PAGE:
When I was a kid – and dinosaurs roamed the earth – your team being “in a conference” meant you could drive to the away games. Our high school was in a conference. No rival was more than 20 minutes by car. My college was in a conference; no campus was beyond two hours.
The kids from rival schools would see one another at dances or mixers, maybe razz one another, maybe flaunt their team jackets when they won the conference championship.
Today a conference – at least the college kind – is a different animal. It’s a mini-cartel. Its interests are financial. It puts walls up around its members, sells rights, charges fans to watch it.
And today a conference picks its members the way Hugh Hefner picked his bunnies. Who’s the most attractive? And who’ll bring in the most business?
How far away has nothing to do with it.
So Thursday, we saw the Pac-10, whose roots are in schools near the Pacific Ocean, sign up Colorado, from the very close-by, ahem, Rocky Mountains.
And later today, Nebraska, from a state on the wide American prairie, figures to vote to join the Big Ten, which was once mostly schools near the Great Lakes.
Never mind that the distance from Penn State, the most recent new member, to Lincoln, Neb., is around 1,000 miles. This is no longer about driving.
It’s about driving profits. Where’s Boomer Sooner?
Nebraska in the Big Ten? Nebraska playing Northwestern, Wisconsin or Purdue? It sounds about as right as ketchup on ice cream.
Nebraska should be playing Oklahoma, every season, as it used to do for 71 uninterrupted years, from Calvin Coolidge to Bill Clinton, until its conference, the Big Eight, got greedy and became the Big 12, and the storied Nebraska-Oklahoma rivalry, in which people annually pulled on their colors, hung out their car flags and drove into enemy territory, was only scheduled twice every four years.
Now it could go bye-bye altogether. Instead, the Cornhuskers can meet the Golden Gophers. And tradition can go to you know where.
It is too late to bemoan college sports no longer being about college. Or about sports. The BCS, the bowl games, the NCAA, the TV contracts and now the behavior of the conferences are so clearly about grabbing all the available money while inventing ways to find more of it, that you’d seem like a nerdy freshman whining that the seniors got more dates.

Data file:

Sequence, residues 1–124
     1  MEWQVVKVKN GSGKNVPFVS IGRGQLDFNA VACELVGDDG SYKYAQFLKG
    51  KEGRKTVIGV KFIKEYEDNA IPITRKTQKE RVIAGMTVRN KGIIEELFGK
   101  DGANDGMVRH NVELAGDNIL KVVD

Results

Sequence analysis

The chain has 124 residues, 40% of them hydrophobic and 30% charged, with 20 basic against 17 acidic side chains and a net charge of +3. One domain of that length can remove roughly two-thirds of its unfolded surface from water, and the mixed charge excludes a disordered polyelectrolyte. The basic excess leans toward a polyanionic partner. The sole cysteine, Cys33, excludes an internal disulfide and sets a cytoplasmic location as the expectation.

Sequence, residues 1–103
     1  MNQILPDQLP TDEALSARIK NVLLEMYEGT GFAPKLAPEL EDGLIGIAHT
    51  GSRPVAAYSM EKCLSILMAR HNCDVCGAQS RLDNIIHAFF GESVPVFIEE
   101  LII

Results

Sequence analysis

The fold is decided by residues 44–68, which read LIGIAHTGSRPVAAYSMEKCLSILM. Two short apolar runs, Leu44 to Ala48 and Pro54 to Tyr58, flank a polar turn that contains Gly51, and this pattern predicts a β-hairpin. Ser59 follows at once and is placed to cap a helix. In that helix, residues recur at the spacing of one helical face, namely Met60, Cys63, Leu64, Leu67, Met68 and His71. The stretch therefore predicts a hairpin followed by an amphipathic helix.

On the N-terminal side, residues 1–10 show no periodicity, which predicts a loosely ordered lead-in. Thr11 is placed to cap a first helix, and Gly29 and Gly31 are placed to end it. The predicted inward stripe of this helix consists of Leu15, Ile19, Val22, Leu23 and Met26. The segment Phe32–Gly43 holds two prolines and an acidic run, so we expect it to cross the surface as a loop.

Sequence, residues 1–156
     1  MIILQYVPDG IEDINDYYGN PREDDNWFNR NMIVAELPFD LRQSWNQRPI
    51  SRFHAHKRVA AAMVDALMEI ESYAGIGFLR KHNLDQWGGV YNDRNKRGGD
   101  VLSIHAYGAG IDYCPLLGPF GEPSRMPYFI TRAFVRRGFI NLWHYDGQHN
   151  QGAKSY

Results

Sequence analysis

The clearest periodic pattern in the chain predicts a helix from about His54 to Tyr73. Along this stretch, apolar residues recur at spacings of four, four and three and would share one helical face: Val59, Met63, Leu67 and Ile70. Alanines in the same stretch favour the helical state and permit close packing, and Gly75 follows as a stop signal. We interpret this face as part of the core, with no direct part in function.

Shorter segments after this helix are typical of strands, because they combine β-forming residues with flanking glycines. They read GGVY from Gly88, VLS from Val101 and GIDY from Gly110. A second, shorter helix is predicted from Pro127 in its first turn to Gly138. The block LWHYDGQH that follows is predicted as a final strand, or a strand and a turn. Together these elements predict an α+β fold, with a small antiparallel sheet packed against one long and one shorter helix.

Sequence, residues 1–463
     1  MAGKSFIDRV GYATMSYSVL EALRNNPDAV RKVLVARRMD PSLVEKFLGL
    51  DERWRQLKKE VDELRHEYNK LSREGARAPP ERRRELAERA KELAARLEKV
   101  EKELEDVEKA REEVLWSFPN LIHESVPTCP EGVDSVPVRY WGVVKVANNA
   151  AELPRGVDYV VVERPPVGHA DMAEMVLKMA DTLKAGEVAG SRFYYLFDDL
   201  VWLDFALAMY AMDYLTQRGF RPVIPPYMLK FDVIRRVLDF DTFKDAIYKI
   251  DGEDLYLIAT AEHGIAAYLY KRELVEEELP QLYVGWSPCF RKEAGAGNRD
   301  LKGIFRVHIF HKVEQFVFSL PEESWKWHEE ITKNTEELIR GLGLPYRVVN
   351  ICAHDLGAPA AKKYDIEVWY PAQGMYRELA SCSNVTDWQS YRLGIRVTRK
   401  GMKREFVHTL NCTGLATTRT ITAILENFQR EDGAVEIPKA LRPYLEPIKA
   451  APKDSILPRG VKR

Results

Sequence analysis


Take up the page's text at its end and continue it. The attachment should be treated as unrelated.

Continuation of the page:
But at least the conferences should be honest about it. Come out and say, “We are in the entertainment business. The coaches are our actors. The presidents are our mouthpieces. TV is our god. And the players are the labor through which we make all the profits – and lucky us, they can’t go anywhere else so we don’t have to pay them a penny.
“Oh, and you, the public, are the customers we count on. Trust in us, and pretty soon we’ll have Michigan playing USC every year.”
At least then we could call this what it is. Money, money, money, money
Instead, we get double-talk and blathering about opportunities, enhancements, advancement, yeah, yeah, yeah.
Listen. If this wasn’t about TV money, why go through this upheaval? If this wasn’t about adding a championship game so that you can bring in – ta-da – even more money, why worry about having 12 teams (the NCAA requirement for a football title game)? If this wasn’t about football and basketball and their huge payouts, why else would it matter? Do you really think the swim team wants to travel an extra 500 miles to jump in a pool?
Once, college sports were a pastime. Today, they pay for the library. And the research center. And the new state-of-the-art stadium. So forget rivalries. Forget driving to the games. This is about networks, packaging, streaming rights – the kind of stuff discussed at shareholders meetings, not pep rallies.
But these supposedly wise administrators should realize this much: The bigger they inflate these sports, the more they will depend on them, the less they will control them, and the crazier they will scramble for profits before another school beats them to it, until the tail is wagging the dog.
Or has that happened already?
Contact MITCH ALBOM: 313-223-4581 or email@example.com. Catch “The Mitch Albom Show” 5-7 p.m. weekdays on WJR-AM (760).